Is It Possible for an Artist To Be Original? Yes and No.
Lessons from looking at Edward Hopper's 1942 painting Nighthawks.
Edward Hopper, Nighthawks (1942). Oil on canvas. Art Institute of Chicago. Via Wikimedia Commons.
You might recognise this artwork. It’s by the painter Edward Hopper (1882-1967), who is one of America’s best-known 20th century artists. Nighthawks, painted in 1942, is his most famous work. It’s an iconic representation of the idea of the alienation and loneliness of modern urban life. But is it original? Yes and no.
Artists are always looking back, and borrowing from each other. Of course styles are reinterpreted, techniques and ideas are developed in fresh and unique ways. But there are always overlaps and connecting dots. Sometimes the paths are clear, where an artist has openly acknowledged that they took inspiration from such-and-such artist. At other times what links two artists is not immediately obvious.
I recently went to see an exhibition of the work of the British painter Walter Sickert (1860-1942) at Tate Britain in London. He is best known for his work from the decades around the turn of the 20th century. What really stood out for me in this survey of Sickert’s career is just how much art is an ongoing conversation between artists across time.
I’m not sure whether Edward Hopper ever saw Walter Sickert’s work. But there are a lot of similarities between the two artists even though they were working at different times and in different geographical locations. Here’s an example of that.
Walter Sickert, Nuit d’Amour (1920). Oil on Canvas. Manchester Art Gallery.
This is a painting by Walter Sickert called Nuit d’Amour from 1920. The Night of Love. It is a bustling Parisian restaurant scene set in the dark of the night. You can almost hear the music of that violin player and feel the close, hot atmosphere in the room. We are spectators standing in the cool of the darkness on the outside, looking in.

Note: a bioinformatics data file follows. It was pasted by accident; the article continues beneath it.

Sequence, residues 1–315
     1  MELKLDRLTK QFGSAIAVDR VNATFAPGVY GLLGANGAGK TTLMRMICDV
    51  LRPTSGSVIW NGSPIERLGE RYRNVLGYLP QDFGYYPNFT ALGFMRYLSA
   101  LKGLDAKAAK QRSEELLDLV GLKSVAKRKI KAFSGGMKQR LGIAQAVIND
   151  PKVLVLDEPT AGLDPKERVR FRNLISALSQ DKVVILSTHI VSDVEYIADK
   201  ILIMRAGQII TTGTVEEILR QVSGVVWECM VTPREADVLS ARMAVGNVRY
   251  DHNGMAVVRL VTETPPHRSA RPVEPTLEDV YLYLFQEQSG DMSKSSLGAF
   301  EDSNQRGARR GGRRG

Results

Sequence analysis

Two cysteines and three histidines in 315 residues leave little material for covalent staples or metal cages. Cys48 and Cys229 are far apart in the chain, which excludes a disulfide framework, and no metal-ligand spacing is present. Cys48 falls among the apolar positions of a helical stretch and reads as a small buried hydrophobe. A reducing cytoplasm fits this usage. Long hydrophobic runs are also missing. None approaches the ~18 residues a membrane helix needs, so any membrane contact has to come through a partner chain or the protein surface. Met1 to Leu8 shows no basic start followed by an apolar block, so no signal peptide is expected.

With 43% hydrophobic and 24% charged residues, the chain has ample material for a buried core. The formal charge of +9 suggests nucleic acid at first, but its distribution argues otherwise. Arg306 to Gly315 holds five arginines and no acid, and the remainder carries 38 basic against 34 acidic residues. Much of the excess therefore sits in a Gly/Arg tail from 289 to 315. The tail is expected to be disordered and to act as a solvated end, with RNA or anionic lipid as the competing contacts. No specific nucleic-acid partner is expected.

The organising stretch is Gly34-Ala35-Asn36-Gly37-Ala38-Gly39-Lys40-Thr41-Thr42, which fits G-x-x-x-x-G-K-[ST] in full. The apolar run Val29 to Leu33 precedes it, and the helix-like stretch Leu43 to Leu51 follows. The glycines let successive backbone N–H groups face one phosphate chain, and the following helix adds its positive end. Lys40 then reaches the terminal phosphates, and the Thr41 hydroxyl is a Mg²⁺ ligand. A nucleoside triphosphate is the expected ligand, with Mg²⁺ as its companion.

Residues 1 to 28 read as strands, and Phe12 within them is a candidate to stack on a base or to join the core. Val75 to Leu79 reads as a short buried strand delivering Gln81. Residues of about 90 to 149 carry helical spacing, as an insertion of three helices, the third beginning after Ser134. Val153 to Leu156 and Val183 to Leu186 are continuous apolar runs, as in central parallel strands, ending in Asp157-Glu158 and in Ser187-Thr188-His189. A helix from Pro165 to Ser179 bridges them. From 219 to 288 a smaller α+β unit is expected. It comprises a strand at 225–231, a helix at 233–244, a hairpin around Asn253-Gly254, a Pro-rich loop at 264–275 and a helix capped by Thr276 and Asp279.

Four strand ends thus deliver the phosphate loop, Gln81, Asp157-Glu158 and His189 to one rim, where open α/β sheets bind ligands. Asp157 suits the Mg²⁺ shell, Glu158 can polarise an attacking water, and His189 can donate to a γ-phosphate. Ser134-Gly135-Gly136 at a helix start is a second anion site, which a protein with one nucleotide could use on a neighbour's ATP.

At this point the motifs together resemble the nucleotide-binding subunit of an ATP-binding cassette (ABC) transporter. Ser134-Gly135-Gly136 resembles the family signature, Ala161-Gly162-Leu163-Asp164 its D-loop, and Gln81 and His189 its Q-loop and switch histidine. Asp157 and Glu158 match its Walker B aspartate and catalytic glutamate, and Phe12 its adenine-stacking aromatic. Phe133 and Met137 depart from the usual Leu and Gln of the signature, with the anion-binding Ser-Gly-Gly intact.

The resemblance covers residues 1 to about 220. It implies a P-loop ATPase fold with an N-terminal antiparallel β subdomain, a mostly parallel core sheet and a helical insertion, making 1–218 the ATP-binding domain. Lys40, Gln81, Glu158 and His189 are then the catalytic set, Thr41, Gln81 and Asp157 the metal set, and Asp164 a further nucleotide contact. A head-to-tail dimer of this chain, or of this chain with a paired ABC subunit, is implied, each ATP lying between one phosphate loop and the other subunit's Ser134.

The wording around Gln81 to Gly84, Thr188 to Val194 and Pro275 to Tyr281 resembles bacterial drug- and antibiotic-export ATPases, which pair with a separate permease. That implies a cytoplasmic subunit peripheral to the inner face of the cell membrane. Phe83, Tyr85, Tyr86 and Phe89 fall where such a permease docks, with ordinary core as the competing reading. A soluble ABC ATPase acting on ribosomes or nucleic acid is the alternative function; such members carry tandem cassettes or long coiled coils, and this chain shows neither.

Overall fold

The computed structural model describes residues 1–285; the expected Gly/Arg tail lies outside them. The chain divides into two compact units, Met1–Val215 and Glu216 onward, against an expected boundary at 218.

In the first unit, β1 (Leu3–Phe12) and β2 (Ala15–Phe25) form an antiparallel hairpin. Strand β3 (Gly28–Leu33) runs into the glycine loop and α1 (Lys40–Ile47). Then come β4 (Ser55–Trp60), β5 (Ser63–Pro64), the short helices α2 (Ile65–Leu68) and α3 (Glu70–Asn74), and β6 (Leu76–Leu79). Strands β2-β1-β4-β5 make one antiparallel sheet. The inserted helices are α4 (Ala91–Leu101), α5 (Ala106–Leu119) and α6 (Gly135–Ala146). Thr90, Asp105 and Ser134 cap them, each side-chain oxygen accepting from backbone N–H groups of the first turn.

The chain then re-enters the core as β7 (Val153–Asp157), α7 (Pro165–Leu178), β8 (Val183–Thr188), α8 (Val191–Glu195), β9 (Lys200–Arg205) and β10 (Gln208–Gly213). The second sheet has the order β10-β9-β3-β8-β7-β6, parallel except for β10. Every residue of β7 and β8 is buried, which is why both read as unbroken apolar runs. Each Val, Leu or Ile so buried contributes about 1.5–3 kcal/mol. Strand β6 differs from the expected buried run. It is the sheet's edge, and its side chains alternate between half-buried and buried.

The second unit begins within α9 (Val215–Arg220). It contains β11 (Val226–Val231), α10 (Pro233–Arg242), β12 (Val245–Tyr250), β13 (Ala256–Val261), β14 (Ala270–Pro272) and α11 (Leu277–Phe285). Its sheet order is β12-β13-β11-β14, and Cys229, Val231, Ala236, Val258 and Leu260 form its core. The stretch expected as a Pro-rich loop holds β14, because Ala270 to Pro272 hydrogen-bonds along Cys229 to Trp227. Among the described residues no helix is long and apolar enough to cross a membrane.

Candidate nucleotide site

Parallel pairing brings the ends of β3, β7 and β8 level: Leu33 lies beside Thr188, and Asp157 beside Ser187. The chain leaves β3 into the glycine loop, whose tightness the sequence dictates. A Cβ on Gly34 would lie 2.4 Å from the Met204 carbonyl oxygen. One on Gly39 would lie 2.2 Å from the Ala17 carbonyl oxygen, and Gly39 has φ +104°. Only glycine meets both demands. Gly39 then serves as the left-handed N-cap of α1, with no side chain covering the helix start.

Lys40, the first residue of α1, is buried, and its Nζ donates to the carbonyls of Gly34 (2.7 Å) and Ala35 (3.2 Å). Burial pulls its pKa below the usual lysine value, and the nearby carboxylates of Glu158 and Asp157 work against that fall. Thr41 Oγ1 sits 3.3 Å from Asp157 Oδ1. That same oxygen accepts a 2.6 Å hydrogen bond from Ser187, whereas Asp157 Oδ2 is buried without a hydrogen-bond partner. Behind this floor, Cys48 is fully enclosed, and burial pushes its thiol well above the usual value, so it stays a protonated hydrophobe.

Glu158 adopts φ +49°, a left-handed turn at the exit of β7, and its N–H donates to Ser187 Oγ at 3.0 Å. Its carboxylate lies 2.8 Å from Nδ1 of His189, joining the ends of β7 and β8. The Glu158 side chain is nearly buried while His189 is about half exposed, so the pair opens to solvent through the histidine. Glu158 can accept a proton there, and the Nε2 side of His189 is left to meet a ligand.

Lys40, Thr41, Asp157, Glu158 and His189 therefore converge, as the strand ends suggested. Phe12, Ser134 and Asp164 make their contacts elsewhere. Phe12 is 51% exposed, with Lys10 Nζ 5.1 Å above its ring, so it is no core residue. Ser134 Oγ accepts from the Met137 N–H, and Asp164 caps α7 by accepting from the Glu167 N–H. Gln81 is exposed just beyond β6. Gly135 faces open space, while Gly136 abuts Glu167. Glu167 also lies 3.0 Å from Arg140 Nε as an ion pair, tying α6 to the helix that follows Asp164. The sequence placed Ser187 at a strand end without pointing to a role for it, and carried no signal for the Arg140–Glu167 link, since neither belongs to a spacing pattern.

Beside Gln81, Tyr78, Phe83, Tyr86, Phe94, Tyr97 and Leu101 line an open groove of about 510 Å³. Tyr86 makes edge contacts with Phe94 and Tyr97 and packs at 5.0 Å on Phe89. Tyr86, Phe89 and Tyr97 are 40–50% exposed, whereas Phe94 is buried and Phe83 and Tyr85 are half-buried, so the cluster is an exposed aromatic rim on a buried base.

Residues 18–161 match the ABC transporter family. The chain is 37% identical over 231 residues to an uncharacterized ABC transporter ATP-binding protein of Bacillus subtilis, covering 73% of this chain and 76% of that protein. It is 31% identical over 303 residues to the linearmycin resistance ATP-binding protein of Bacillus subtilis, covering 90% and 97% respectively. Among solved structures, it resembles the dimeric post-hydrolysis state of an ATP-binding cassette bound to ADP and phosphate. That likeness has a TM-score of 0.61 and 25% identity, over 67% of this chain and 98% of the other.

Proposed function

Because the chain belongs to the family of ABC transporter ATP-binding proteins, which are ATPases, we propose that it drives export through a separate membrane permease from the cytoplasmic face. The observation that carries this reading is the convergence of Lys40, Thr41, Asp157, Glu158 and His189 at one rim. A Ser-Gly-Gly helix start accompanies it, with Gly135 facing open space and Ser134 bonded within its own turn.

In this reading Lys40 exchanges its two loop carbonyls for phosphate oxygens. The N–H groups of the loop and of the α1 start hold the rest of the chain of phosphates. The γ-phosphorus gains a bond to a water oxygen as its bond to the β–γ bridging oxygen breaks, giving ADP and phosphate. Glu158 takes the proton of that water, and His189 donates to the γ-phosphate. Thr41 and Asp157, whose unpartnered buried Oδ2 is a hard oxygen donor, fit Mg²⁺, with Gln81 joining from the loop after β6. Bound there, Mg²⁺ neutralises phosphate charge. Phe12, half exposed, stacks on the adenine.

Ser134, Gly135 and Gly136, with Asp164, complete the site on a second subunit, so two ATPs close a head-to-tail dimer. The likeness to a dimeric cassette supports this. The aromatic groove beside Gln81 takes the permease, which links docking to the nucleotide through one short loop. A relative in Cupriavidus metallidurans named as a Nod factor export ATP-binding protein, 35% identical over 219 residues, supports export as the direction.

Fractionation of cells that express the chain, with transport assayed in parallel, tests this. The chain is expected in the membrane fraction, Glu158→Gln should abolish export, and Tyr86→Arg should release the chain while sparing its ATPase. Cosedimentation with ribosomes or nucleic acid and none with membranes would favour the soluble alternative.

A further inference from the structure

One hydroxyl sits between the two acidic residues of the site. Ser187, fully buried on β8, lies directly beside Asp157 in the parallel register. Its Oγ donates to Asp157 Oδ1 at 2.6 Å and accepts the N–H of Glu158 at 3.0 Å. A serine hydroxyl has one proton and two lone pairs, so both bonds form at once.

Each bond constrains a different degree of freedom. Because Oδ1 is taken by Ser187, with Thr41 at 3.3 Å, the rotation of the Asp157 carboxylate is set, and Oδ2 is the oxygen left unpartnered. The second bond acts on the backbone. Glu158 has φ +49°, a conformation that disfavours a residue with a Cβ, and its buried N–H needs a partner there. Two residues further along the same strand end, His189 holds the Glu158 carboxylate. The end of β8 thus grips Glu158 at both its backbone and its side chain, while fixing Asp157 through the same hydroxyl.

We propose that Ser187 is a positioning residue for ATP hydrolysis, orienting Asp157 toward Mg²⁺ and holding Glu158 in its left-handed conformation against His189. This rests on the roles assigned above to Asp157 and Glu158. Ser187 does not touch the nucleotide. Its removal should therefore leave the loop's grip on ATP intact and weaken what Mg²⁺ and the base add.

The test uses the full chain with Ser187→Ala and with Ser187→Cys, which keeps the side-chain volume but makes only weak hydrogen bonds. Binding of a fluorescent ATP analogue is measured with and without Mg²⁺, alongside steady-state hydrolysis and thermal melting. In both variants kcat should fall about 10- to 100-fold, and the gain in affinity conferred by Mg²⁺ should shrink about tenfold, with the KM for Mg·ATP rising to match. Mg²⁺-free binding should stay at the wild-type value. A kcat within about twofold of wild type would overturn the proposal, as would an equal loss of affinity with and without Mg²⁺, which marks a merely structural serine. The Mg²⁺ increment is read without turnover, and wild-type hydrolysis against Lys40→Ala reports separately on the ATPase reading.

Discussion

It shows a lot of influence from the French impressionists. Sickert’s loose handling of paint, for example. There’s no clear definition of line. And it’s a rather lovely study of the leisure activities of modern urban life, a subject that the French impressionists were also interested in.
Sickert was really interested in exploring the effects of light in his paintings, and you can see that here in the contrast between the brightly lit interior and the darkness of the street in the foreground. There’s a shaft of light coming down from the right hand side which illuminates part of the dark green façade of the building.
This is not a painting I had seen before the Sickert exhibition. But it immediately brought to my mind Hopper’s Nighthawks. Like Sickert’s painting Nighthawks is a night-time scene, and the viewer is in the darkness outside looking into a brightly lit restaurant. But it is set in a diner in New York in the 1940s rather than a Paris street in 1920.
Also like Sickert’s Nuit d’Amour, it's a painting about light. The contrast in colours in Hopper’s work highlights the difference between the brightness of the inside of the diner and the darkness of the street outside. And it focuses our attention on the figures in the image. We start to think about the relationship – or lack of relationship – between those people. There is something distant and vacant about them. They are in the same space, close together, but not communicating. Even though it’s a quiet scene, it is heavy with atmosphere.
The man on the left sits alone with his back to us. His dark blue suit and hat almost blend into the darkness beyond. What’s he doing there alone? The couple on the right look bored. The woman examines her nails, the man stares blankly, lost in his own thoughts. There’s a sort of insomniac urban loneliness communicated in this painting. They are all together, but alone.
And that idea reminds me of this painting by Walter Sickert, Ennui. It was painted in 1914. It’s a portrait of a married couple. The woman is staring at the wall. And the man sits smoking at the table with glazed-over eyes. They seem bored, disconnected.
Walter Sickert, Ennui (1914). Oil on canvas. Tate Collection. Via Wikimedia Commons.
And that image reminds me of this one, The Absinthe Drinkers by the French impressionist artist Edgar Degas painted 40 years earlier in 1876.
Edgar Degas, The Absinthe Drinkers (1876). Oil on canvas. Musee d’Orsay. Via Wikimedia Commons.
A woman and a man sitting side by side in a restaurant, disconnected. There’s a loneliness in this woman’s empty stare. You might say it’s a study of the human experience of our modern, urban world.
What connects Hopper and Sickert, what runs through both of their work, is late nineteenth-century French art. We know that Sickert was friends with Degas, and was hugely influenced by the French impressionists. And we know that Hopper came to Paris in 1906 to study French art.
It’s all a conversation. Borrowing. Reinterpreting. Nudging forward. Looking back. Hybridity. A bit of this. A bit of that. All art is a new take on what has gone before.
Over the paywall jump: a treasure trove on this topic of originality in art: I talk about the artist/designer Virgil Abloh and his 3% rule; Maurizio Cattelan’s banana, Bill Viola and more! Plus join the community and let us know your thoughts!